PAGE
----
Smithwick Tribunal: Doctor says witness too sick to appear

Ch Supt Harry Breen and Supt Bob Buchanan Ch Supt Harry Breen and Supt Bob Buchanan were murdered in 1989

The Smithwick Tribunal has been told it could be five months before a key witness will be well enough to complete giving his evidence.

Former garda Det Sgt Owen Corrigan was recently admitted to hospital.

The inquiry is investigating garda collusion in the IRA murders of two senior RUC officers.

It is thought tribunal chairman Judge Peter Smithwick will seek an extension from the Irish government to complete its investigation.

It is examining the murders of Ch Supt Harry Breen and Supt Bob Buchanan in 1989 in south Armagh.

Cardiologist Dr Niamh Murphy was given consent by Mr Corrigan to brief the tribunal on his health.

The retired officer is one of three former Irish police sergeants under the spotlight at the tribunal.

Dr Murphy said that Mr Corrigan urgently required a heart bypass operation but will need to wait two months before undergoing surgery on account of an infection arising from diabetes complications.

"I don't think he is in a position to attend the tribunal before his bypass operation," said Dr Murphy.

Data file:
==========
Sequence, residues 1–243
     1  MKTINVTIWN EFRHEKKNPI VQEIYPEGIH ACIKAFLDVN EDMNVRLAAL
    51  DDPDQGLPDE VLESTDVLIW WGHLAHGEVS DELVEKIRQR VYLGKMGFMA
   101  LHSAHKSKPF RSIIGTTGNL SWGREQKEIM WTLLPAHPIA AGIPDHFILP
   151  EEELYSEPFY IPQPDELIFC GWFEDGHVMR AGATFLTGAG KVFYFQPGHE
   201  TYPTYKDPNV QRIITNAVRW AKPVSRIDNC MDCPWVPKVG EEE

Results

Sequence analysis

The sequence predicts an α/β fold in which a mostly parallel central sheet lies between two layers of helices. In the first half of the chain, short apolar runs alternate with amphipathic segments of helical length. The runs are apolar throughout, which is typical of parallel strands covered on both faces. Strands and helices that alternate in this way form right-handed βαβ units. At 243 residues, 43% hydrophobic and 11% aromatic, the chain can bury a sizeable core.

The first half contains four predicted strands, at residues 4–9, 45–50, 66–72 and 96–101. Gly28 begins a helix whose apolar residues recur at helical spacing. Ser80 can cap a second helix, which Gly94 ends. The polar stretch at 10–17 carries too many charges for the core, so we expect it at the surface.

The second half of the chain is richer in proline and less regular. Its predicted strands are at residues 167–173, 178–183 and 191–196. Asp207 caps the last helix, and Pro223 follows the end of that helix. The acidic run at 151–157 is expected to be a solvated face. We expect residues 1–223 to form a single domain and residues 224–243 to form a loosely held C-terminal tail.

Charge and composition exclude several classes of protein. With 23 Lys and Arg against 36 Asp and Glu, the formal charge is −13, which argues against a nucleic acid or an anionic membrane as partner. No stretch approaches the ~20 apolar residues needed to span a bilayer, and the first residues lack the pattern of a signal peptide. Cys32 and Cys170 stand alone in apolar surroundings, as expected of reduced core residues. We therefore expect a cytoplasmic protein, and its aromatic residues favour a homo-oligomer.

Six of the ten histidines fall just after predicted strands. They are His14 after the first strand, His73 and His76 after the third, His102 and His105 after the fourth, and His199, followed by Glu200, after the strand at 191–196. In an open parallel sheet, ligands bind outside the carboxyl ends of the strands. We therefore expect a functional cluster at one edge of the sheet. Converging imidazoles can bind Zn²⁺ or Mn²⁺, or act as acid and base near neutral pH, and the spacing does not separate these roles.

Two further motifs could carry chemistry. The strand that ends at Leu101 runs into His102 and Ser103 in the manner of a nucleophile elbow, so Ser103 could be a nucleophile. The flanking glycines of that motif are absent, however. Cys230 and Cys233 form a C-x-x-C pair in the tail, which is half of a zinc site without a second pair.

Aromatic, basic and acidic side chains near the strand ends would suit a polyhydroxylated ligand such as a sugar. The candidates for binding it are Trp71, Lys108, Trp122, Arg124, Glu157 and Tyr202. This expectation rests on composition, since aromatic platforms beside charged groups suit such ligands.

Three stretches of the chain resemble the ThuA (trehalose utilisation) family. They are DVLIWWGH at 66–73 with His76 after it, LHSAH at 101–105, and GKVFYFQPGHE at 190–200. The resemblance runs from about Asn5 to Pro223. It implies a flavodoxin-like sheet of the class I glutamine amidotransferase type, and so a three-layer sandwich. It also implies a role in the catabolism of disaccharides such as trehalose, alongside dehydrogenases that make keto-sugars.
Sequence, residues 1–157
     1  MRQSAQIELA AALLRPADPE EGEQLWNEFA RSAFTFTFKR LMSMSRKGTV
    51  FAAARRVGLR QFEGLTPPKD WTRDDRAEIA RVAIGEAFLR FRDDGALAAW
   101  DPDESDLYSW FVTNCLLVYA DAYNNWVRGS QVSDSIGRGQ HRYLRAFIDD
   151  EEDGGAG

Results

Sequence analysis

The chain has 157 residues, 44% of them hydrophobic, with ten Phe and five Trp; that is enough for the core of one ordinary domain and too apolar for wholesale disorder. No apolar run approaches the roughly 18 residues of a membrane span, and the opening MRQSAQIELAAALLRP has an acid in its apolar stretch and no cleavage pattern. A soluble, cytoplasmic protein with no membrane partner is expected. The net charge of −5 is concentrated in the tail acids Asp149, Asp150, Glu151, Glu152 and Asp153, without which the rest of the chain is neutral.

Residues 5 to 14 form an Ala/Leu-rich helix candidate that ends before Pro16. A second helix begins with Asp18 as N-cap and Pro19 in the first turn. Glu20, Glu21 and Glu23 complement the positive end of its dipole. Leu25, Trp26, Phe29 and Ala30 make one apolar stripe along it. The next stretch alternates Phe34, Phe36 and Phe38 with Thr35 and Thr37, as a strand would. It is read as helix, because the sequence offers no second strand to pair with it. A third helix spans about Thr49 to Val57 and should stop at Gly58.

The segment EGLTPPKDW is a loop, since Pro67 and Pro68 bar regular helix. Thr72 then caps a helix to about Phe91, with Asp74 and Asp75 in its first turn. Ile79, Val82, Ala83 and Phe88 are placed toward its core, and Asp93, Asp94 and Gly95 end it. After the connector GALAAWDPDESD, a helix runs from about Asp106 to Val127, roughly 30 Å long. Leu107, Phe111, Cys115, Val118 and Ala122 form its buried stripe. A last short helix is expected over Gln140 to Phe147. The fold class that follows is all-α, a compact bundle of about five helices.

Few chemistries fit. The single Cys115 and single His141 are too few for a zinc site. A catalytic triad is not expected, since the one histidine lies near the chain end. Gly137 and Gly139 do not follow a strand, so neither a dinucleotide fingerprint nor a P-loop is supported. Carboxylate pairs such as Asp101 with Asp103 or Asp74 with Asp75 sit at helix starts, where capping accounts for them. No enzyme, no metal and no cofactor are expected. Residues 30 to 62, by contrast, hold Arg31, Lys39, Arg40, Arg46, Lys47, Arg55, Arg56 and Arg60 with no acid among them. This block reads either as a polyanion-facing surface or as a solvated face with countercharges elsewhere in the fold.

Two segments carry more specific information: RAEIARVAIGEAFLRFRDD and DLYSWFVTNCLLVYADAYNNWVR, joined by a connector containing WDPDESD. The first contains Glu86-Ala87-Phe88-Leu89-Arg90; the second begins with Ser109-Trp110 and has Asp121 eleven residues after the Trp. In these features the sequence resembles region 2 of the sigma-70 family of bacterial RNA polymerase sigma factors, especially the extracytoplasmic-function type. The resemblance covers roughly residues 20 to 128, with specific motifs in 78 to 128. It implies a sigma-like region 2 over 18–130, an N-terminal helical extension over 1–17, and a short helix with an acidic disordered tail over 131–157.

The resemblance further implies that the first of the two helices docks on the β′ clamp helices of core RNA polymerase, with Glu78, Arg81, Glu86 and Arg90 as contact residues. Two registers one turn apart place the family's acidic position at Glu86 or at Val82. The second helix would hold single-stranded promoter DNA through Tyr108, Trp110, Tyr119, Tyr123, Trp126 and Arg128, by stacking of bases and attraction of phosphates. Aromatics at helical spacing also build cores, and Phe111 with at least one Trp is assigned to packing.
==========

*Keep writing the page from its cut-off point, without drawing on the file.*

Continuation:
"He is at risk of developing a heart attack in stressful conditions."

Cross-examination

The consultant cardiologist said the recovery period post-surgery is usually three months.

Counsel for the tribunal, Justin Dillon, said that any stress levels should "not be too acute" for Mr Corrigan who is due back to be cross-examined by his own counsel along with counsel for the Garda Commissioner Martin Callinan.

Mr Dillon said the tribunal could be "in suspended animation" waiting for Mr Corrigan to return to finish giving evidence.

Jim O'Callaghan, counsel for Mr Corrigan, said the former officer had given "the lion's share of his evidence" and suggested that he make submissions to the tribunal.

"I think we should reflect on that position" said Mr Dillon.

The tribunal counsel told Judge Smithwick that he did need to hear what Mr Corrigan had to say "on a number of issues".

"It is open to you, in certain instances, to draw inferences if Mr Corrigan does not have the opportunity to be cross-examined."

The tribunal was established in 2005 and has been hearing evidence in public since June of last year.

It had been due to issue its final report last November but was given an extension to early 2012.

A second extension was approved earlier this summer by the Republic's Justice Minister Alan Shatter.

A new deadline of 31 October was set for the tribunal to complete its investigation.

Judge Smithwick is now expected to write to the clerk of the Dail (Irish parliament) to seek a third extension of which the time-scale has not yet been confirmed.

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